## Speaker:

## Affiliation:

The Université libre de Bruxelles

Belgium

## Time:

## Venue:

- A-201 (STCS Seminar Room)

## Organisers:

**Abstract: **Network games (NGs) are played on directed graphs and are extensively used in network design and analysis. In the classical model, each player selects a path connecting her source and target vertices. The cost of traversing an edge depends on the load; namely, number of players that traverse it. NGs abstract the fact that different users may use a resource at different times and for different durations; time plays an important role in determining the costs of the users in reality. For example, when transmitting packets in a communication network, routing traffic in a road network, or processing a task in a production system, actual sharing and congestion of resources crucially depends on time. In the first part of the talk, we will discuss timed network games (TNGs), which add a time component to network games. The time in our model is continuous and cannot be discretized. In particular, players have uncountably many strategies, and a game may have uncountably many pure Nash equilibria. We will also mention how different reductions to a formal model called timed automata help in reasoning about TNGs.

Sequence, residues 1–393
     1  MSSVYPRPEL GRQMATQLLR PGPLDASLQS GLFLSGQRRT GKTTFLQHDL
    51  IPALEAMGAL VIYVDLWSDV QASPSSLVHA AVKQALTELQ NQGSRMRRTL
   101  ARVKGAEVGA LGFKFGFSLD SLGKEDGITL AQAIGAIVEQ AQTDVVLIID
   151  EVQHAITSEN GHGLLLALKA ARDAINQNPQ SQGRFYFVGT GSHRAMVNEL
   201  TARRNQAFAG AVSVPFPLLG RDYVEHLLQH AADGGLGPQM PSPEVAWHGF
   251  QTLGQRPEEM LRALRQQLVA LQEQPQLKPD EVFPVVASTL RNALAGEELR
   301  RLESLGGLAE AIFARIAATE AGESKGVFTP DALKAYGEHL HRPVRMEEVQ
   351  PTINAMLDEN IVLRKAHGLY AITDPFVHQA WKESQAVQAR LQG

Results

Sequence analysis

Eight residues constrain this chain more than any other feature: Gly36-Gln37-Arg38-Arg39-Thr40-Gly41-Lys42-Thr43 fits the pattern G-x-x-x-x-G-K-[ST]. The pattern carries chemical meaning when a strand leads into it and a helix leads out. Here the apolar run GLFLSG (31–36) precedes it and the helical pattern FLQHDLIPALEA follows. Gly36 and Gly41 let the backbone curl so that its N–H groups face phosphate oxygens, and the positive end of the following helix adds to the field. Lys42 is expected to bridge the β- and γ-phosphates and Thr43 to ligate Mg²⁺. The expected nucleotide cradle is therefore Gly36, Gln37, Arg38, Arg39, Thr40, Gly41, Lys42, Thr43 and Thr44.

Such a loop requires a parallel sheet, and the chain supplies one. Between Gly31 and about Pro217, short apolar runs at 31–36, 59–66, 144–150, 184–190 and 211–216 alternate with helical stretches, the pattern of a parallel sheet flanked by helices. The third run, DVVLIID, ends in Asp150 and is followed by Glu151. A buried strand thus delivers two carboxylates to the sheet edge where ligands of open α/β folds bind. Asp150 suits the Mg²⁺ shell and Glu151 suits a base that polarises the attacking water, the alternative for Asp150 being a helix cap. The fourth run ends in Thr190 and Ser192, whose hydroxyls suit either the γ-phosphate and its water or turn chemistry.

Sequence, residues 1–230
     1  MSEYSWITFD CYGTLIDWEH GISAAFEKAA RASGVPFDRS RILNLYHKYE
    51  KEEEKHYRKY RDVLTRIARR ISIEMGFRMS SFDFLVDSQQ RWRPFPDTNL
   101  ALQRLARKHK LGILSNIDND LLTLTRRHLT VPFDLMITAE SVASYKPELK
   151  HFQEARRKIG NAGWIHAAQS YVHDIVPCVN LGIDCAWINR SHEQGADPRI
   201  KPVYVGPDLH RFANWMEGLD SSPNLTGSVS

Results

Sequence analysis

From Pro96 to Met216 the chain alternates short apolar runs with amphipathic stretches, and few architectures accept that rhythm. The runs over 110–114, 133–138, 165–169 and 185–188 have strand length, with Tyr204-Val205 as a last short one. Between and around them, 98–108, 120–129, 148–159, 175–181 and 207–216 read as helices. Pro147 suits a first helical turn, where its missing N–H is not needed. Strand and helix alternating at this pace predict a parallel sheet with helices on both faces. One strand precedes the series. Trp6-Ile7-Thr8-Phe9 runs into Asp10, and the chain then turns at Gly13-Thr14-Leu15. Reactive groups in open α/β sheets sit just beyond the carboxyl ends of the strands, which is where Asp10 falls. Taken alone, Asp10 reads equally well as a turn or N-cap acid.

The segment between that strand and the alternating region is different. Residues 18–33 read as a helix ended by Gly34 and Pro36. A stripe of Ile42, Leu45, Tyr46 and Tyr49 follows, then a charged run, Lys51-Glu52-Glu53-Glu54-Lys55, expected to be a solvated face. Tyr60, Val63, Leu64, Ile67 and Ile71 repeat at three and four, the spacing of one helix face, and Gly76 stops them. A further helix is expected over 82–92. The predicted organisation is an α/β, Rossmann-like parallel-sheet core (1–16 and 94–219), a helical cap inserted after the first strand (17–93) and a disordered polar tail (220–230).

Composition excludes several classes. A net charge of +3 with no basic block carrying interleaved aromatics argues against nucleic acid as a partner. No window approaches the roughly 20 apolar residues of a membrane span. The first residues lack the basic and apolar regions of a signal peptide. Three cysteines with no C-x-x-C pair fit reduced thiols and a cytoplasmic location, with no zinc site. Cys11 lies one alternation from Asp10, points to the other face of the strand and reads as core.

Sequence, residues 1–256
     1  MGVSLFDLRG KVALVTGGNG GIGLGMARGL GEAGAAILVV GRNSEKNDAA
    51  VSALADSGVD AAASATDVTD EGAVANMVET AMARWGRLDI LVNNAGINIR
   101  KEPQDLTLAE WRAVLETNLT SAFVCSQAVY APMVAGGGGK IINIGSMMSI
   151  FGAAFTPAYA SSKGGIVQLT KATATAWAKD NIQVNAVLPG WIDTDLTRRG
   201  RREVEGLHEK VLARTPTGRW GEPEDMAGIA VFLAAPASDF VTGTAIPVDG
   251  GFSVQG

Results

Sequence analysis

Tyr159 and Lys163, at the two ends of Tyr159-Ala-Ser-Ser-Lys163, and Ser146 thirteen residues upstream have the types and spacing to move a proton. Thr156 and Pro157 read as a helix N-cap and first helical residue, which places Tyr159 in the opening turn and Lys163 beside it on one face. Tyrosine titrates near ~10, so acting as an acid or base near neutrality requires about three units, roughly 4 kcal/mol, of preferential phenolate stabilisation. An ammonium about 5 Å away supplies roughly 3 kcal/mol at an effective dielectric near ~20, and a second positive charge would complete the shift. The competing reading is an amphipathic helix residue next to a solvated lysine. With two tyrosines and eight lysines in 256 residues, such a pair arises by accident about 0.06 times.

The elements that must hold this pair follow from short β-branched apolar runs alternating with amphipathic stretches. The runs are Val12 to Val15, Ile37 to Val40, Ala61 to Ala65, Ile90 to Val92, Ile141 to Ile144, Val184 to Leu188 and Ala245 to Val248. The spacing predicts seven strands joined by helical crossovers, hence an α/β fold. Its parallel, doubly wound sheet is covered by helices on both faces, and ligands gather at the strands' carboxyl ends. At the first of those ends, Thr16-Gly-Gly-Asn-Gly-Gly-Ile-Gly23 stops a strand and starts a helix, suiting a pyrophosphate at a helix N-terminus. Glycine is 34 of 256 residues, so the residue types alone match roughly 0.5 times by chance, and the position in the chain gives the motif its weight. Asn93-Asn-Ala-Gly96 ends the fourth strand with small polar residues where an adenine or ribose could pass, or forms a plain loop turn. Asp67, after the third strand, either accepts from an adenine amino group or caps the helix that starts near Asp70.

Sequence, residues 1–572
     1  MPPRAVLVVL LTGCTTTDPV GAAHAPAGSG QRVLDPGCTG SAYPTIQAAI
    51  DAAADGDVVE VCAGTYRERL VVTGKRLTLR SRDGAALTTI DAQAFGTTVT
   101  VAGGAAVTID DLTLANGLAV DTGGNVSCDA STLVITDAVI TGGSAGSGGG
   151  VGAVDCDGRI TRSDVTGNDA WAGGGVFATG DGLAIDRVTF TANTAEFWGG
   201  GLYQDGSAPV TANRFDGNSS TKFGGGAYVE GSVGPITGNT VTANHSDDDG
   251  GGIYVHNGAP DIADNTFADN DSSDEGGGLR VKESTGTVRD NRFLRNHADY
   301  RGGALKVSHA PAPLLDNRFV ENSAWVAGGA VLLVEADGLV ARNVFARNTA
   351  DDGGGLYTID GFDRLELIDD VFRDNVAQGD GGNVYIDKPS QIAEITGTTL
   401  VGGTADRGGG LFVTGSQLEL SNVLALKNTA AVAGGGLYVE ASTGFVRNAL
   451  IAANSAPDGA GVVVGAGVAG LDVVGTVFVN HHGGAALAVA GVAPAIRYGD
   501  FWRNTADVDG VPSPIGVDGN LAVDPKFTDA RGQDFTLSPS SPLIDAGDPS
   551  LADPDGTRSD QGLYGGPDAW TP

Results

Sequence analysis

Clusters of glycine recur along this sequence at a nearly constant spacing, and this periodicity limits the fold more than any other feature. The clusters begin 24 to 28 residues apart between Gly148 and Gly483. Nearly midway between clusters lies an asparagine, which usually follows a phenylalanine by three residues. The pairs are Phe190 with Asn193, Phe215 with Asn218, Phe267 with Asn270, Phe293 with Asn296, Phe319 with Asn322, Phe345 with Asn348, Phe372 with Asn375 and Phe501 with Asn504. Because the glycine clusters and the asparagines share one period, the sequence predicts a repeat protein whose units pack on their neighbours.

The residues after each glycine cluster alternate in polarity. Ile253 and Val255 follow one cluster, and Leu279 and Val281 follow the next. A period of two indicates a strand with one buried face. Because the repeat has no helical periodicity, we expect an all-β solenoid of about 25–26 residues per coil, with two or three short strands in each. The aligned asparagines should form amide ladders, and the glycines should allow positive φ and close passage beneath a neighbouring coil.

In the second part of the talk, we consider search problems for NGs that include finding special strategy profiles such as a Nash equilibrium and a globally optimal solution. The networks modeled by NGs may be huge. In formal verification, abstraction has proven to be an effective technique for reasoning about systems with big and even infinite state space. We describe an abstraction-refinement methodology for reasoning about NGs.

Based on joint works with Guy Avni and Orna Kupferman.

**Bio: **Shibashis is a postdoc in the Verification Group at Université libre De Bruxelles. Prior to this he was a postdoc at The Hebrew University of Jerusalem. He did his PhD from the Department of Computer Science and Engineering at IIT Delhi. His research interests are in timed and probabilistic systems, behavioural equivalences, formal methods and its intersection with algorithmic game theory.